Document Type


Degree Name

Doctor of Philosophy (PhD)


Kinesiology and Physical Education


Faculty of Science

First Advisor

Michael Cinelli

Advisor Role



Visual attention is challenged in everyday environments with exposure to busy urban scenes and access to advancing technology. In addition, high performance sport consists of unique neurocognitive and visual demands that may distinguish cognitive functioning of an experienced athlete from the general population (Faubert, 2013; Hüttermann & Memmert, 2014; van Paridon et al., 2022). In strategic team sports, such as rugby and ice hockey, athletes must quickly process constantly-evolving visual scenes and make accurate decisions to perform successful motor actions while under high levels of physical stress (Dubois et al., 2017; van Paridon et al., 2022). The ability to attend to and perceive complex visual information with additional balance and exertion demands may become compromised if an athlete sustains a sport-related concussion (SRC). A SRC is a traumatic brain injury that results in functional neurological impairments that may impact various aspects of sport performance, including cognition, vision, balance, and exercise tolerance (Broglio et al., 2009; Leddy et al., 2011; Master et al., 2016; Patricios et al., 2023; Powers et al., 2014). The following dissertation explored how previous experience (competitive sport participation and SRC) and task-related factors (balance and physical exertion) influence performance on a custom dynamic visual acuity (DVA) task in young adults.

In the first two studies, participants completed a dynamic visual acuity (DVA) task that compared, 1) varsity athletes and students from the general population and 2) varsity athletes with and without recent SRC, during different balance (standing and treadmill walking) and exertion conditions (low-intensity and moderate-intensity). The DVA task has two motion types (random walk (RW) and horizontal (H)) and is scored as the log of the minimum angle of resolution (logMAR), that is measured using an inverse scale based on the smallest target size recognized at a specified viewing distance. The effect of balance and exertion demands were analyzed by calculating a change in DVA score from seated position. The last two studies examined DVA and balance control while standing between athletes with and without recent SRC, during resting conditions, as well as before and after completing a vigorous-intensity treadmill running protocol. DVA performance was calculating using a difference from resting DVA score post-exercise and comparing RT across all time conditions. In Study 3 and Study 4, balance control was analyzed as the root mean square of centre of pressure displacement (dCOP) and variability of the high frequency COP (COPhigh) at a cut-off of 4Hz.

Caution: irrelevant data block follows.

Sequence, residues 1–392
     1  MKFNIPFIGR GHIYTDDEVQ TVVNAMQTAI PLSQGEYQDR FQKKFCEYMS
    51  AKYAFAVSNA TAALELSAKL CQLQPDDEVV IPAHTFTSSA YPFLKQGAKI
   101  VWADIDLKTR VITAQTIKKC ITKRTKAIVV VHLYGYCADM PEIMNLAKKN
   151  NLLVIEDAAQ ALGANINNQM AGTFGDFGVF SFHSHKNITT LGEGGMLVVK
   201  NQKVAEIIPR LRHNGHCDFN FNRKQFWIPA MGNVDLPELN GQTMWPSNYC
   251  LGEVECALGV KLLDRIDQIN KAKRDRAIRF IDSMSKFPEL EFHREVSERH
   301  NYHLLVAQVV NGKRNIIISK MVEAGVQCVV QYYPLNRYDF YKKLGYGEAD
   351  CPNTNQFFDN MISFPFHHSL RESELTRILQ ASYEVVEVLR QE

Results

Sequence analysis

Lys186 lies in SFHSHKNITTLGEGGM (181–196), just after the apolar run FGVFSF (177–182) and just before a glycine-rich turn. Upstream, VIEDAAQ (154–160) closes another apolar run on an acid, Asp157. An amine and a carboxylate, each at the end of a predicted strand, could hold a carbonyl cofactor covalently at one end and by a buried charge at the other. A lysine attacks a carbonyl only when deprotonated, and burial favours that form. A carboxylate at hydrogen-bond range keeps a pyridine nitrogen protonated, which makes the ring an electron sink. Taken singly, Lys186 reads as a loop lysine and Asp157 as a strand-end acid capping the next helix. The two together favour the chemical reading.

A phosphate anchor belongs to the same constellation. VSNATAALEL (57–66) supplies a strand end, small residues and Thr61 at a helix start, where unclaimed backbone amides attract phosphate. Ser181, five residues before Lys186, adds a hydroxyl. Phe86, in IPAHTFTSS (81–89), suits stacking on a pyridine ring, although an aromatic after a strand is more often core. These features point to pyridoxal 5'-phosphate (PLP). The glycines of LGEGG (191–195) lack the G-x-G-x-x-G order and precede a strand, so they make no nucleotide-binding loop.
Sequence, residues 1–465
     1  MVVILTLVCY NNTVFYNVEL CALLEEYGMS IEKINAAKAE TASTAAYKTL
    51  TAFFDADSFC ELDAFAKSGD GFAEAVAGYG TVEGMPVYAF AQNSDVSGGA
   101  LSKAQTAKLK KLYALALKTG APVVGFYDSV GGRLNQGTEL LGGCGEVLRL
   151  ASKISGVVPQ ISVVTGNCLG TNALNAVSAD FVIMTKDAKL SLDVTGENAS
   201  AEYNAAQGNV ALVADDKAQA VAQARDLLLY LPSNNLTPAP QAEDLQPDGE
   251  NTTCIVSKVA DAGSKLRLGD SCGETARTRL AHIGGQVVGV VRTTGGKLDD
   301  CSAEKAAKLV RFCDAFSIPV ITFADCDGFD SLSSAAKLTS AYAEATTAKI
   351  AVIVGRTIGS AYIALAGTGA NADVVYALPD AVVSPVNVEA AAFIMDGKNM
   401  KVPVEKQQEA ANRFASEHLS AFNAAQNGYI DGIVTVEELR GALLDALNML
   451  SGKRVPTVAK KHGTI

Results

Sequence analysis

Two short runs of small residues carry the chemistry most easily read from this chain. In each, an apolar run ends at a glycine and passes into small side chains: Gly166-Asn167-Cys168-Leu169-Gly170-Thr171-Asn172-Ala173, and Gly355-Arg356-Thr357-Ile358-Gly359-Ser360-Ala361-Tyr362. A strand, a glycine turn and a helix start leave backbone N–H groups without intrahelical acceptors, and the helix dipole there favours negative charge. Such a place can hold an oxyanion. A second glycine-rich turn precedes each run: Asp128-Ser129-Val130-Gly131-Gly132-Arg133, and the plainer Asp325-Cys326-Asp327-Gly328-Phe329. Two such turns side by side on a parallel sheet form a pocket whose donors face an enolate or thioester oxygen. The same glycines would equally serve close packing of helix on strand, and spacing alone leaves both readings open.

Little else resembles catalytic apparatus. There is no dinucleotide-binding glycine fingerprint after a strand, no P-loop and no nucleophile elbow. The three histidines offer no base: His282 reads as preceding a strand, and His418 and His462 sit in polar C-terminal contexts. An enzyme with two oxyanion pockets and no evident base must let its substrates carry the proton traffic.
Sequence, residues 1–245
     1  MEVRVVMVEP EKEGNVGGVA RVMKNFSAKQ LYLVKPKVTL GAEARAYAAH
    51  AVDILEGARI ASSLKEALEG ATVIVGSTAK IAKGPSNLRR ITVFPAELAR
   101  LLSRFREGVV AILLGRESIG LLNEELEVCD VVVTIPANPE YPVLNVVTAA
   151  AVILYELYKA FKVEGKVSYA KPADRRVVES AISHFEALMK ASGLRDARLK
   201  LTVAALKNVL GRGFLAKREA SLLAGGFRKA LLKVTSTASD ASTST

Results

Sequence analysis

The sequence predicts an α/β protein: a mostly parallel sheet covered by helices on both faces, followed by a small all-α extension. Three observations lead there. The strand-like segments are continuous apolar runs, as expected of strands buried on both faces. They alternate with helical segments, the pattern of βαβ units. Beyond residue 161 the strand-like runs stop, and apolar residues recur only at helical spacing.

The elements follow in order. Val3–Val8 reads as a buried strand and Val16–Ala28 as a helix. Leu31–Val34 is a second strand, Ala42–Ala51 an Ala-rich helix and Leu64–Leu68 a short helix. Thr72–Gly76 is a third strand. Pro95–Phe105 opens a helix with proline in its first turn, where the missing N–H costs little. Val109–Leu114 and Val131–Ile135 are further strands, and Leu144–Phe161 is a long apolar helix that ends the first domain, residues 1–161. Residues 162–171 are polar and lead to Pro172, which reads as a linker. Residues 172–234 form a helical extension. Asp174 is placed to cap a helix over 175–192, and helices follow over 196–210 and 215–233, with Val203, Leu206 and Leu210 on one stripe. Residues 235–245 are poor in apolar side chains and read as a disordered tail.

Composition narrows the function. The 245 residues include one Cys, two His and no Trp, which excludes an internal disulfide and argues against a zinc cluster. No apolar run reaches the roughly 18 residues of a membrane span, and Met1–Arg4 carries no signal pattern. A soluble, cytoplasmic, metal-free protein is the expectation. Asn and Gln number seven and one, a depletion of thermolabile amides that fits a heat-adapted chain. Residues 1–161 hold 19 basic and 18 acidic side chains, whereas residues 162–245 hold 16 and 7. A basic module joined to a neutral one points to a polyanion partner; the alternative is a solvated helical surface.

The results of Study 1 revealed that athletes are better at dividing attention between the DVA task during different balance and exertion conditions from seated compared to the general population during RW-motion. In Study 2, the DVA task was also sensitive to differences in DVA score from seated between athletes with and without recent history of SRC during standing and walking conditions based on spatial-temporal characteristics of DVA motion types. Overall, both athletes with SRC and students from the general population exhibited a speed-accuracy trade-off during RW-motion conditions, demonstrated by a worse relative change in DVA score from seated as responses became faster during more challenging conditions. Further, balance analysis in Study 3, revealed that athletes with recent SRC history prioritized maintaining balance with a worse change in DVA while standing. In Study 4, a vigorous treadmill running protocol seemed to facilitate DVA performance as both groups maintained performance with faster response times following exercise. However, changes in response time manifested differently following exercise between groups, such that athletes with SRC responded more slowly beyond 10-minutes of recovery.

The overall findings from this dissertation revealed that the individual experience and task-related factors do have different modulating effects on DVA for young adults. By increasing task demands (balance and physical exertion), the DVA task may further distinguish young adult athletes from the general student population. Further, recent history of SRC negatively impacted DVA performance and balance control similarly to the general population. The results suggest that the expectations for athletes with SRC should not be the same as the general population on the DVA task, such that persisting impairments may remain undetected. For rehabilitation purposes, exercise may independently help facilitate visual processing and cognitive functions for athletes with recent SRC, rather than concurrently while performing the DVA task. Overall, a DVA assessment in dual-task conditions that quantifies multiple clinical domains may be more sensitive to persisting impairments and help mitigate subsequent musculoskeletal injury risk for athletes following SRC.

Convocation Year


Convocation Season


Available for download on Friday, October 30, 2026